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Human Body Skin

Paul J. Matts, Ph.D1; Angela J. Long, PhD1; Colin Williamson, BSc1; Rene C. Rust, Ph.D1 ;

1The Procter & Gamble Company, Rusham Park Technical Centre, Egham, Surrey, UK


The total body skin surface area for an average adult human covers approximately 2m2. It is, therefore, not surprising that within this expanse of tissue there is a wide variety of environmental exposure and mechanical stress (the extremes expressed, for example, in skin covering structures such as knees / elbows / heels) and, thus, (a) a concurrent distribution of different structural and functional profiles and (b) a corresponding variety of maintenance needs. 

The objective of this piece of work, therefore, was to investigate actual perception of these differences in body skin amongst US consumers and relate these to reliable data for stratum corneum properties across different anatomies.


To investigate consumer perception of differences in body skin, we performed largebase research amongst a representative group of 316 US females aged 18-65 with normal (non-diseased) skin.


Human Body Skin 

Human Body Skin 

Two simple, yet extremely important, insights emerge: (a) consumers view body skin as fundamentally different to face skin, principally because of incidence of "dryness" (and related endpoints) (b) body skin is not the same - specific regions were perceived to represent "torture test" areas of extreme dryness (e.g., heels, elbows, knees). The vast majority of women questioned (85%) were concerned by these areas, 63% stated that they were accordingly self-conscious and almost half (47%) agreed that, as a result, this caused them not to wear certain clothes or shoes.

Human Body Skin

Cells Layers of Stratum Corneum by Body Anatomy 

How does the reality of these consumer insights relate to the structure / function of the skin compartment that, at once, drives "dryness"-related endpoints and is the cosmetic substrate available for everyday treatment - the stratum corneum (SC)? A study of the literature reveals a paucity in well-controlled comparative measurements of SC structure / function across different anatomies and those that do exist provide conflicting data (when comparing, for example, TEWL or capacitance values).  The most rigorous recent study is that of Ya- Xian et al. (1999) who measured the number of corneocyte cell layers in the SC of fresh skin samples obtained from a wide range of body sites in >300 subjects. The data are shown adapted in Figs 4 and 5 and show how there is an obvious progression in SC thickness - head < trunk < limbs < extremities (heels, etc.). These may be clustered into three main anatomies (Fig. 5) - face, body and extremities. Focussing on the SC, therefore, thickness of this layer appears to correlate very well with consumer-perceived skin condition across the body (compare Figs. 1 & 4), providing an intuitive segmentation of need / biology. SC condition is driven principally by internal water gradient and perhaps it is no great surprise, therefore, that SC thickness (itself a function of genetics and mechanical abrasion received relative to position on the body) should drive relative expression of dryness endpoints (and consequent consumer perception).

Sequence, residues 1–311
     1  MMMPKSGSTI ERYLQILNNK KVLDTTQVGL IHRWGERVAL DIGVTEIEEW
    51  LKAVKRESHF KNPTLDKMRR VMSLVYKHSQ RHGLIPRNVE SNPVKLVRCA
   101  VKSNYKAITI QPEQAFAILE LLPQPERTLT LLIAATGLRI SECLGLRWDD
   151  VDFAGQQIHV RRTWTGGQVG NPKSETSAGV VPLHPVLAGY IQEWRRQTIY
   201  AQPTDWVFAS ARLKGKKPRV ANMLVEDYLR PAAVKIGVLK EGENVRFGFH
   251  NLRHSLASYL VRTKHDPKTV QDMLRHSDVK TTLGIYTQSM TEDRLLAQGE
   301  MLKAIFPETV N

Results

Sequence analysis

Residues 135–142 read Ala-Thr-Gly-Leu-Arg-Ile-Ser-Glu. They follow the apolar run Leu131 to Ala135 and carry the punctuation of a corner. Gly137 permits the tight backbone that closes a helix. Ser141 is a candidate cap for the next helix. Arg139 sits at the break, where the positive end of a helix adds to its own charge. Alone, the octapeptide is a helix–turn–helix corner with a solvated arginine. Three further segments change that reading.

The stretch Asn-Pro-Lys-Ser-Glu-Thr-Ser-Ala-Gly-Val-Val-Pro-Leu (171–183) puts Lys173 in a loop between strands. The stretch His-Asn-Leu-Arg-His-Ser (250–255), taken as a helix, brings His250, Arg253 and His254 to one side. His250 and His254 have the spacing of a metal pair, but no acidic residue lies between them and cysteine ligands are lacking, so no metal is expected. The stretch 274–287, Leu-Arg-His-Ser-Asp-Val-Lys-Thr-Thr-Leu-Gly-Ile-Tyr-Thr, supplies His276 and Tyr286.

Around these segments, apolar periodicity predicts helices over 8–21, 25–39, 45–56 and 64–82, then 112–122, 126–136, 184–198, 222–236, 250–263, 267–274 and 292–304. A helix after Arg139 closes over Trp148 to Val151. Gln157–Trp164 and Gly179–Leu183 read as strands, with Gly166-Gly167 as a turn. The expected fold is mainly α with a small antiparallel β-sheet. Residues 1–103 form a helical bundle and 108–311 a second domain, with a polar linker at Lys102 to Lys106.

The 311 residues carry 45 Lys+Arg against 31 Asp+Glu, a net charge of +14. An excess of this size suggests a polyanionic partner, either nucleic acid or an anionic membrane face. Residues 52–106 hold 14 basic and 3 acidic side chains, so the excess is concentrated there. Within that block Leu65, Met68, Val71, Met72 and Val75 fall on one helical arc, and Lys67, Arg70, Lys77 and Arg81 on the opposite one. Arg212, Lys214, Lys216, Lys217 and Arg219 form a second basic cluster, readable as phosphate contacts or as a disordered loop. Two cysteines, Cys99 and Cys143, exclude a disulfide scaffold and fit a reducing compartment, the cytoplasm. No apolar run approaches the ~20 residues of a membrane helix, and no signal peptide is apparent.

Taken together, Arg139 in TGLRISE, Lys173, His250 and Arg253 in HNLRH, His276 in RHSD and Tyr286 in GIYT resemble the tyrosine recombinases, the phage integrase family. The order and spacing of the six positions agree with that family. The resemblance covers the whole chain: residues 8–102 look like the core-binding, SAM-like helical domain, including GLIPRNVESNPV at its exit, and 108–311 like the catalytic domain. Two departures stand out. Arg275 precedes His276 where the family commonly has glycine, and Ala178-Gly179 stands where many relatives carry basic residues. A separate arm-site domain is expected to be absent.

p> Large-base body-site-specific consumer research has highlighted (a) significant perceived differences in body skin and (b) an apparent concurrent reduction in quality of life, driven particularly by marked dryness expressed in the extremities (i.e., heels, knees, elbows, etc.). Whilst new technologies offer new standards of care for body skin (cf. our "Breaking the Dry Skin Cycle" poster), these insights highlight the need for technology to address specifically these areas. It is proposed that treatments that target and are tailored to the unique structure of the SC in these areas (i.e., marked thickening) will provide greatest benefit in breaking the dry skin cycle. Thus, the penetration, humectancy, bio-activity / bioavailability of product excipients will be critical in the design of such a specialised product.

Ya-Xian, Z., Suetake, T and Tagami, H., Number of layers of the stratum corneum in normal skin - relationship to the anatomical location on the body, age, sex and physical parameters, Arch. Dermatol. Res., 291:555-559, 1999



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